Directed by Jacques Tati (France 1953; 114 mins. in French with English subtitles)

The film-of-the-week is the unmissable origin film for French director Jacques Tati’s most beloved, gauche character: Monsieur Hulot. In Mr. Hulot’s Holiday, our pipe-smoking, gently subversive hero (played by the director himself) arrives at a seaside resort in Brittany, where he proceeds to poetically sabotage the monotony of each classic “postcard from the holidays” moment he may encounter. 

The film effortlessly combines satire (poking at the socio-economic politics of the time, which still resonates today) and Tati’s famous, expertly choreographed ensembles scenes of chaos and slapstick humor generated by Monsieur Hulot’s misadventures.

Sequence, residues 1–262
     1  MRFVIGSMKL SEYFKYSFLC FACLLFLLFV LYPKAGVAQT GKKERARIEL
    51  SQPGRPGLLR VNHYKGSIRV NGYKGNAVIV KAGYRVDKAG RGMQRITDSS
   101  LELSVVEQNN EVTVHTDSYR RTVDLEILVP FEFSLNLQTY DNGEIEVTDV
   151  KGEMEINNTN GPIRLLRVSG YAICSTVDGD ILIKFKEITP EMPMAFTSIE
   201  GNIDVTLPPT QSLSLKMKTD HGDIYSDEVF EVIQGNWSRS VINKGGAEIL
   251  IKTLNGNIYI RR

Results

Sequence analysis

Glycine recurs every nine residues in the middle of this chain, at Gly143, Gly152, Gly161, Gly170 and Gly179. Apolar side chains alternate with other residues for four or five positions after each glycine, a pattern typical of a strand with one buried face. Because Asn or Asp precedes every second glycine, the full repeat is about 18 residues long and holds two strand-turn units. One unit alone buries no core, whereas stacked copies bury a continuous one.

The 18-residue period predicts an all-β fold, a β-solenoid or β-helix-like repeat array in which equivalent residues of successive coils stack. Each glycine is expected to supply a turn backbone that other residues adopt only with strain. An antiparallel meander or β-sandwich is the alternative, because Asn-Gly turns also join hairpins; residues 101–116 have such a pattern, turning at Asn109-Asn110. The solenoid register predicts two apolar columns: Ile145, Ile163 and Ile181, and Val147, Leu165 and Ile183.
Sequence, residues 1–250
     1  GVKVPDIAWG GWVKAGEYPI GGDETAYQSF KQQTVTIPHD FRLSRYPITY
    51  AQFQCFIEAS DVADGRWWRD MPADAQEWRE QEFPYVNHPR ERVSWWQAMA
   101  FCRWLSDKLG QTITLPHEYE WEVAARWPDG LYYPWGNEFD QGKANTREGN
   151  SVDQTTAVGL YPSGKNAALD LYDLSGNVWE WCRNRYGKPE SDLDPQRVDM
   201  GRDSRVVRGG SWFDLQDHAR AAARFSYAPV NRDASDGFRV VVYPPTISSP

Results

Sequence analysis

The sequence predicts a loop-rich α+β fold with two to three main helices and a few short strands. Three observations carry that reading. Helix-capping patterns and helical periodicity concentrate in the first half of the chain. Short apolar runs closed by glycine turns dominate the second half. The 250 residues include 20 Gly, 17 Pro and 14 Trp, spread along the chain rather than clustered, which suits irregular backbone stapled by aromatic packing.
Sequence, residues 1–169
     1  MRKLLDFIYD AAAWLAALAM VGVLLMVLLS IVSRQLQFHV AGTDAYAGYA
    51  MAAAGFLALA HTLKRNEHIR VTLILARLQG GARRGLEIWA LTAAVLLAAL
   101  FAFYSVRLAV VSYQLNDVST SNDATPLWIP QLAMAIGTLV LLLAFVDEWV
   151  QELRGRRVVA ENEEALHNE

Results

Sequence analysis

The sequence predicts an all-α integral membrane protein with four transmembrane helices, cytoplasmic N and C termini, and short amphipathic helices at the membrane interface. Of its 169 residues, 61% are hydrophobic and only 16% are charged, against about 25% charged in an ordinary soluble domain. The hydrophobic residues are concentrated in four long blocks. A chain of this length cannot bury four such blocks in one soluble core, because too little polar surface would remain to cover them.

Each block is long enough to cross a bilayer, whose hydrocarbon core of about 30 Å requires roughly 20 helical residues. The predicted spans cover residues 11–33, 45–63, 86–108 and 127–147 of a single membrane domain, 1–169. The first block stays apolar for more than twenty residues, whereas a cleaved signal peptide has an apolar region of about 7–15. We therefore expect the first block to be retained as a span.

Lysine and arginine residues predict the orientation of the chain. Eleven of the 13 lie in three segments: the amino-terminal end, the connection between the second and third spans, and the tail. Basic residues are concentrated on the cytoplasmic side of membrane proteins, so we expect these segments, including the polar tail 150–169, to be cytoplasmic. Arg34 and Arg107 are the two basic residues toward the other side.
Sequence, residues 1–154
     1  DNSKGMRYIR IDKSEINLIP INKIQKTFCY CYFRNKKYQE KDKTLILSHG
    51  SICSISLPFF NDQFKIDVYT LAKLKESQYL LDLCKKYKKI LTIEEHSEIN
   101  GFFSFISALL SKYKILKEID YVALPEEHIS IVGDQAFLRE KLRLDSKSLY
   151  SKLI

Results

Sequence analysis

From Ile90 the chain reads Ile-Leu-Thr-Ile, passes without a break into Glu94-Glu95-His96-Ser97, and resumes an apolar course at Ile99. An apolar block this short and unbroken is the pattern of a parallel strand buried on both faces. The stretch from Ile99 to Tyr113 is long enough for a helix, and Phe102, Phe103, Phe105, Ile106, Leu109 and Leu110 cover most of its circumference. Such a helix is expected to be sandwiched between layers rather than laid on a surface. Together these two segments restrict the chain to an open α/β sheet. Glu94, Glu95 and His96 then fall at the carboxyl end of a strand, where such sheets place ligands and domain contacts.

Reminiscent of the painstaking precision of Keaton and Chaplin (a director of the sound era, Tati has no real interest in words but loves noises), Hulot’s bumbling awkwardness in the sea of elite French snobbery is sharp on both a comical and political level. “One must create a truly festive climate,” Tati said, speaking of making films, and Mr. Hulot doesn’t miss a beat -  the perfect antidote to any summer blues.  Mr. Hulot’s Holiday can be watched online through Amazon, The Criterion Channel and YouTube.

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